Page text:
SPOTLIGHT: Agricultural Safety is a “Team Sport”

SPOTLIGHT: Agricultural Safety is a “Team Sport”

Jeff Bender, DVM, MS
Director, Upper Midwest Agricultural Safety and Health Center

Farming is dangerous work and farm workers are at high risk of personal injury. Agricultural workers are eight times more likely to die on the job than other workers. 1 Worker injuries on dairy farms are related to animal handling with cattle, often resulting in job restrictions. 2 However, contact with animals (e.g. infectious diseases), machinery, noise and repetitive injuries all contribute to injuries, illnesses, disability, and fatalities related to dairy production. Worker compensation claims only represent the very “tip of the iceberg.”

We need to encourage a broader approach to create a safe work environment for cattle and humans; veterinarians can be part of that Safety Team.

In a survey of Minnesota dairy farms (small to medium-sized, with herds under 500 cows) it was observed that smaller operations do not have access to worker safety resources.3 Of the 32 workers from 10 dairy operations completing the survey, 10 workers (31.3%) were Hispanic and eight workers (25%) had no previous livestock experience before their current job. Fourteen (50%) workers received training related to safety and injury prevention and six (19%) suffered at least one injury in the prior 12 months. These data illustrate that worker safety and injury prevention training is needed on all operations including small and medium sized dairies. To address this need a “team approach” is needed.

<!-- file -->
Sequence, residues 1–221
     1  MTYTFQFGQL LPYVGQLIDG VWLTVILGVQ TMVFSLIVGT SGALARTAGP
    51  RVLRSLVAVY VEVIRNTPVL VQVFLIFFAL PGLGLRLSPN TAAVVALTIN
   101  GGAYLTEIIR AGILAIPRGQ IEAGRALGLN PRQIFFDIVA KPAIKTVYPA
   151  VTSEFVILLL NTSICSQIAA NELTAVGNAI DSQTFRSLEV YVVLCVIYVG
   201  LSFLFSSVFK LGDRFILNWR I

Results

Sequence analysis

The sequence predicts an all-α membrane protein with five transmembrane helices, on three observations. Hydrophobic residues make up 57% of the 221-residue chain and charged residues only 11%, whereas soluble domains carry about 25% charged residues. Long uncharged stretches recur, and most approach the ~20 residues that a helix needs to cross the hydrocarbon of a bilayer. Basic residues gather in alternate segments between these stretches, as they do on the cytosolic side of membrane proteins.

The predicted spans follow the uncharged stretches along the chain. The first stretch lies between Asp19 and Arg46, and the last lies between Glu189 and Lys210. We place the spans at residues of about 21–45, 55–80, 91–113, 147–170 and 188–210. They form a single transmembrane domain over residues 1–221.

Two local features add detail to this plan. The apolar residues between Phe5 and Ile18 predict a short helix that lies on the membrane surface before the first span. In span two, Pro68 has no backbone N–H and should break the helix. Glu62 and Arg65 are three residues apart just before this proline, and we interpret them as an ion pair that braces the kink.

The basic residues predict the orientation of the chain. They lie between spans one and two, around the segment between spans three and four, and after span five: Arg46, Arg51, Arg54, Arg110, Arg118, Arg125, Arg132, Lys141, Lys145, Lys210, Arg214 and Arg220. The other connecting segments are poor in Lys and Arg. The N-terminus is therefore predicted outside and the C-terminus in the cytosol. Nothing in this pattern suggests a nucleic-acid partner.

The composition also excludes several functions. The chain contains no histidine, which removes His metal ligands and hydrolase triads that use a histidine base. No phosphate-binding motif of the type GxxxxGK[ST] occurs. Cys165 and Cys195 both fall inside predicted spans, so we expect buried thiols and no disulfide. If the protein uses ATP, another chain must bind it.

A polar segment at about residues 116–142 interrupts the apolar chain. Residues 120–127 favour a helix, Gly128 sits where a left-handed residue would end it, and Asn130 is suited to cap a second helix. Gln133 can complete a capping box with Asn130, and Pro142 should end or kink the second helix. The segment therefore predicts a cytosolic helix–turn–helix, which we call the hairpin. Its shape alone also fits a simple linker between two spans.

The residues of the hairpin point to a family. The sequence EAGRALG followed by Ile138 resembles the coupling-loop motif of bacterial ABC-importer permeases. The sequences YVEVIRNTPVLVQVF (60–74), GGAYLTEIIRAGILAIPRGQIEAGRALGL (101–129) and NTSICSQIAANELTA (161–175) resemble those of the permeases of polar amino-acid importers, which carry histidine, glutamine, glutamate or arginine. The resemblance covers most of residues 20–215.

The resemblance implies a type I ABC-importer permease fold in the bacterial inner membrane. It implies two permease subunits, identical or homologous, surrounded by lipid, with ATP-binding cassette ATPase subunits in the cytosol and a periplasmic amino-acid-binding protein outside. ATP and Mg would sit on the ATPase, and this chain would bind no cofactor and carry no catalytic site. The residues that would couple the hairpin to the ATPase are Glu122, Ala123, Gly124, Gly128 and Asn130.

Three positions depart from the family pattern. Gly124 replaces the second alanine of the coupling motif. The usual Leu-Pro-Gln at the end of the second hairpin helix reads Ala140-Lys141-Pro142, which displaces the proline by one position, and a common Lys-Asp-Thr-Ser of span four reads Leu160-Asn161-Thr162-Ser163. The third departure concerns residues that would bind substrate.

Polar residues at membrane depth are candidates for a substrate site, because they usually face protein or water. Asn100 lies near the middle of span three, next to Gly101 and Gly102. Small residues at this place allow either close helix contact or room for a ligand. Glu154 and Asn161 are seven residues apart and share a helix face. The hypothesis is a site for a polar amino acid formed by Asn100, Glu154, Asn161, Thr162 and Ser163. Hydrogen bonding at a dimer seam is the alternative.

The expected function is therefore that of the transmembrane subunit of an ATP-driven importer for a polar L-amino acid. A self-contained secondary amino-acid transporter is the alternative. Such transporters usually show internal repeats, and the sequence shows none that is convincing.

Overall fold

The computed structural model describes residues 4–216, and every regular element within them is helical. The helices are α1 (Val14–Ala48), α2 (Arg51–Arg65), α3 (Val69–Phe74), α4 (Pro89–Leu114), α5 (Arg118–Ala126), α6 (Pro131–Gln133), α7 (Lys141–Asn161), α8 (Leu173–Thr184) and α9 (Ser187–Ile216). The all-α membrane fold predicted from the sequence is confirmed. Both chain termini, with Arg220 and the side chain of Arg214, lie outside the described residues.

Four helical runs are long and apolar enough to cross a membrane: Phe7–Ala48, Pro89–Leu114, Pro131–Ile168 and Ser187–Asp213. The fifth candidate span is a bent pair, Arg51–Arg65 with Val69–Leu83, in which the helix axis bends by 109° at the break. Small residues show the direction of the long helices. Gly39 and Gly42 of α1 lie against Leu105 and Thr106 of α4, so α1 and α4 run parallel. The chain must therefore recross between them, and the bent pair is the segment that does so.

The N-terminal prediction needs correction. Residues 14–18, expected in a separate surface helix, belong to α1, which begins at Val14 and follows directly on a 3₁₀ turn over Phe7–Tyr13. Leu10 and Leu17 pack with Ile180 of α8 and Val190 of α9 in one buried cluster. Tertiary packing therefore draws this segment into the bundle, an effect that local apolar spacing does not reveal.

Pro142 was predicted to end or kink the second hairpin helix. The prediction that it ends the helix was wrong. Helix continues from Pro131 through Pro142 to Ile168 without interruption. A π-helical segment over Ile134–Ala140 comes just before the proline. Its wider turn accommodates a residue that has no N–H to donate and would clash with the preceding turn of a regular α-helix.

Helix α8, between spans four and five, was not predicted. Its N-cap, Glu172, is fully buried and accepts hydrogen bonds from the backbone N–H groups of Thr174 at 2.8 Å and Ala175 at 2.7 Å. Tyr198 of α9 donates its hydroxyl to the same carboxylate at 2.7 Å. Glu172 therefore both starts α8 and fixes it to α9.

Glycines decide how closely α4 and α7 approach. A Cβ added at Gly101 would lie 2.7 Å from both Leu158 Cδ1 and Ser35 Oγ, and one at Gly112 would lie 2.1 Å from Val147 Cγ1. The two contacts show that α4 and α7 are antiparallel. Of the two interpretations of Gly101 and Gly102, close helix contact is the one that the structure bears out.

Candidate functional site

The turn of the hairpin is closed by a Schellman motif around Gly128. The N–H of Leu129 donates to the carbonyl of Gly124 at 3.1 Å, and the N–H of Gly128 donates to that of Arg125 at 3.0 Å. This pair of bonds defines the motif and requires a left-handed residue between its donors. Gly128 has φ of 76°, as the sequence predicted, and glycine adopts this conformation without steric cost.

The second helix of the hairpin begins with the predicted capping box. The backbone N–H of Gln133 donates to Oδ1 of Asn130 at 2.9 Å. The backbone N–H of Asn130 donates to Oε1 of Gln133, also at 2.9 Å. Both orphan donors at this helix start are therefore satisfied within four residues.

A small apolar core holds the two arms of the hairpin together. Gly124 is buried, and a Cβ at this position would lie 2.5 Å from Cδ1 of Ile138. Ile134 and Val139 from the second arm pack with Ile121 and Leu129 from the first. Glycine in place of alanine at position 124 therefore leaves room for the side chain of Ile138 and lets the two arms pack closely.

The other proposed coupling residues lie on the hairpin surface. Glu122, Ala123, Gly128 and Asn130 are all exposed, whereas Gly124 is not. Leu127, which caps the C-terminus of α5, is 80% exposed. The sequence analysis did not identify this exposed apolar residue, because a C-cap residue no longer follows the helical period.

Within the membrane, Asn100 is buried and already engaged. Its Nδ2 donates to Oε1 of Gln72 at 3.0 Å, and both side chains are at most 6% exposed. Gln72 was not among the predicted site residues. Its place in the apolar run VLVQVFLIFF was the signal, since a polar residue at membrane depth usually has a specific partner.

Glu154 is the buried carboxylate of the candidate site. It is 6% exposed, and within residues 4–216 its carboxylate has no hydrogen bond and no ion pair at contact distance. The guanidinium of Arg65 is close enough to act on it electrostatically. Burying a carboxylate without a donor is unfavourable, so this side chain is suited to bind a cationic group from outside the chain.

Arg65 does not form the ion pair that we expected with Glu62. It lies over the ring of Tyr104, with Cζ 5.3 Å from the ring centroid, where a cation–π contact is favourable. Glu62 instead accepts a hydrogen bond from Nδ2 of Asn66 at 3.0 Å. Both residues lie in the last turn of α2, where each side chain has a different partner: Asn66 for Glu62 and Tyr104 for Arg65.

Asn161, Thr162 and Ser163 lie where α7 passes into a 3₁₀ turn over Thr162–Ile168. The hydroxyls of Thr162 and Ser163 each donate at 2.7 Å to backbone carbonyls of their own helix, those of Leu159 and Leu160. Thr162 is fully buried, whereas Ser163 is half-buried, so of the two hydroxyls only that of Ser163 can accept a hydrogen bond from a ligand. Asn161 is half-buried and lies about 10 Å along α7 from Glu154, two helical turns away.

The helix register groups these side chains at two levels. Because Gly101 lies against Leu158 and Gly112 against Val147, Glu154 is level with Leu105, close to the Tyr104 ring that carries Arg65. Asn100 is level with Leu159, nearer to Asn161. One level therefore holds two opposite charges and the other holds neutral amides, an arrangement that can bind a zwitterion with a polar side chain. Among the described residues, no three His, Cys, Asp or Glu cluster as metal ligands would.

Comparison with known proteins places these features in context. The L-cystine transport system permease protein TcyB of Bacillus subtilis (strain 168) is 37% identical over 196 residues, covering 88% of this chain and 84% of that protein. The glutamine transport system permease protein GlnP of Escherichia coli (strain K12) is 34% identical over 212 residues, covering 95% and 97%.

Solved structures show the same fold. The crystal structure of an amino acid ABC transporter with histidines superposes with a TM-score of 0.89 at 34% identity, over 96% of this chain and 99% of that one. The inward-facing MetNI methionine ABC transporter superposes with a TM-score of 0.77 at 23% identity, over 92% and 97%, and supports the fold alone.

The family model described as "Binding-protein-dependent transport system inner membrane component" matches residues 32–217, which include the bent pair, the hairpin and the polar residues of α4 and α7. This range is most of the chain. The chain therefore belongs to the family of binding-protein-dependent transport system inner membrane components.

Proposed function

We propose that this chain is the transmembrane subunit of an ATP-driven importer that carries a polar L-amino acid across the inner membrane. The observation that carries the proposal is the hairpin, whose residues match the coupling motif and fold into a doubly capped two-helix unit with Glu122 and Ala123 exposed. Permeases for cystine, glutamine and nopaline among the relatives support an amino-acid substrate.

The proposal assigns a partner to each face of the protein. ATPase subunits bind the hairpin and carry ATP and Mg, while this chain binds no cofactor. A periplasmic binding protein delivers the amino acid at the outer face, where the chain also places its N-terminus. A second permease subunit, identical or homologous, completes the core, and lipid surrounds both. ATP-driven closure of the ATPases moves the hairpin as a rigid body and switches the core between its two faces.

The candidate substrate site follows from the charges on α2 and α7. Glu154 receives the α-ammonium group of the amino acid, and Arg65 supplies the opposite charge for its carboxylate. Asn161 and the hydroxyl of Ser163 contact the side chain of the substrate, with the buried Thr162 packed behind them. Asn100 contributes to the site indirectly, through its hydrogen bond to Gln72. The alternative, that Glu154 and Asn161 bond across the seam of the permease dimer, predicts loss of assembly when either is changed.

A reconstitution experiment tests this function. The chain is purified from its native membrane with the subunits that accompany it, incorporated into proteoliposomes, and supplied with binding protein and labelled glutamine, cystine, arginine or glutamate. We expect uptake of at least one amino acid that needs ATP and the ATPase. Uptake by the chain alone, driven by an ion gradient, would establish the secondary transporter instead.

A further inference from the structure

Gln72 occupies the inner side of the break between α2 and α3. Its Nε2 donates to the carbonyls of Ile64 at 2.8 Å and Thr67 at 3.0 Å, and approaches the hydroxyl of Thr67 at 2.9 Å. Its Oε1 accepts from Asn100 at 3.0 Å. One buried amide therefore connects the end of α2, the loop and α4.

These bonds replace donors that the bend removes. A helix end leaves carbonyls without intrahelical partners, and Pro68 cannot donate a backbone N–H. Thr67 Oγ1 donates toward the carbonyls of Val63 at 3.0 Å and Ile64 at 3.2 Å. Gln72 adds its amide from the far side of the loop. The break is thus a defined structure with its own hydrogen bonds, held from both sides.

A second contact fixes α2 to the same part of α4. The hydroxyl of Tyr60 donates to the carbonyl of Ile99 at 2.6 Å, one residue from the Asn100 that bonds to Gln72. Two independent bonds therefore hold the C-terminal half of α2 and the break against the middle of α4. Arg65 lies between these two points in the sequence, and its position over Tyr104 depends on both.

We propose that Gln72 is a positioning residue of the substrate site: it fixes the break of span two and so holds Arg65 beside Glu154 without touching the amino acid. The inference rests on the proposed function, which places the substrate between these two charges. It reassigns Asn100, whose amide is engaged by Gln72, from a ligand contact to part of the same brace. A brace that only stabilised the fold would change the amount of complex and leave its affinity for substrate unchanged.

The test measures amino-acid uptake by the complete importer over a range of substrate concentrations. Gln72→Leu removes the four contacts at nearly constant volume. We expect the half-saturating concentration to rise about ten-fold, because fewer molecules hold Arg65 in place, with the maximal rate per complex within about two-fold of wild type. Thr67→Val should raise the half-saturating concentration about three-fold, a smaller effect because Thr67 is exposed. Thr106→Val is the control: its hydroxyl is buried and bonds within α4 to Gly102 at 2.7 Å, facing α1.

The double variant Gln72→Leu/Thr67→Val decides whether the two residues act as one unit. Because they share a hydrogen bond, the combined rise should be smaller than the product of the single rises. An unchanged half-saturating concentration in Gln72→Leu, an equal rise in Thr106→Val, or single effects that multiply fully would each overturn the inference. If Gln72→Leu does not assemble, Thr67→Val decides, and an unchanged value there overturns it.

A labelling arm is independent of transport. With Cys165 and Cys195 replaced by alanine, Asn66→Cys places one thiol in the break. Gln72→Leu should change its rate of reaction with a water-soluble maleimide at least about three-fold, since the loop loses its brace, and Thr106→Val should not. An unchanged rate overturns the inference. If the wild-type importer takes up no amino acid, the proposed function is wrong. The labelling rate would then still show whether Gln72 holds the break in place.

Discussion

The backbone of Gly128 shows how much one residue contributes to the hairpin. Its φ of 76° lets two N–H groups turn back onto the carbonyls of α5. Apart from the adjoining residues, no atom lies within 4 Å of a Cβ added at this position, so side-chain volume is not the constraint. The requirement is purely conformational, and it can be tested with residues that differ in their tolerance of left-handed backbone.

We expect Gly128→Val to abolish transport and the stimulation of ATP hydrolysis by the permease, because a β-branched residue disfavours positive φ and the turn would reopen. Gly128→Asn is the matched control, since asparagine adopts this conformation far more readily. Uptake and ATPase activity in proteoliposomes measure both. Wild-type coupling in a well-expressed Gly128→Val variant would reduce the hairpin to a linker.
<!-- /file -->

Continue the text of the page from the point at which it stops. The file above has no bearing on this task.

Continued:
As part of an initiative led by the University of Minnesota’s Upper Midwest Agricultural Safety and Health (UMASH) center, we are identifying key partners in creating a health and safety team on dairy farms. In doing this, we identified veterinarians as one team member who can work with producers and herd managers to ensure a holistic One Health approach to animal welfare, a healthy work environment to minimize injuries and illnesses, and to provide educational input into the training of workers.

This focus fits with many agriculture quality assurance programs such as the National Dairy FARM (Farmers Assuring Responsible Management) program. FARM stated goal is to “take the very best care of cows and the environment, producing safe, wholesome milk and adhering to the highest standards of workforce development” ). Veterinarians have a broad understanding of One Health principles especially as it pertains to human-animal interaction and can be key partners in promoting worker health and safety. We need to encourage a broader approach to create a safe work environment for cattle and humans; veterinarians can be part of that Safety Team.

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References

  1. Johnson D. The most dangerous jobs in America. http://time.com/4326676/dangerous-jobs-america [Accessed 24 October 2016].
  2.  J. Paul Leigh, Stephen A. McCurdy and Marc B. Schenker (2001) Costs of Occupational Injuries in Agriculture, Public Health Reports (1974-), Vol. 116, No. 3 (May – Jun., 2001), pp. 235-248
  3. Cara Cherry, Ron Swiggum, Mary Hourigan & Jeff Bender (2014). A Pilot Study of Worker Safety Training and Injuries on Small to Medium Sized Dairies in Southeastern Minnesota, Journal of Agromedicine, 19:2, 243-244, DOI: 10.1080/1059924X.2014.892860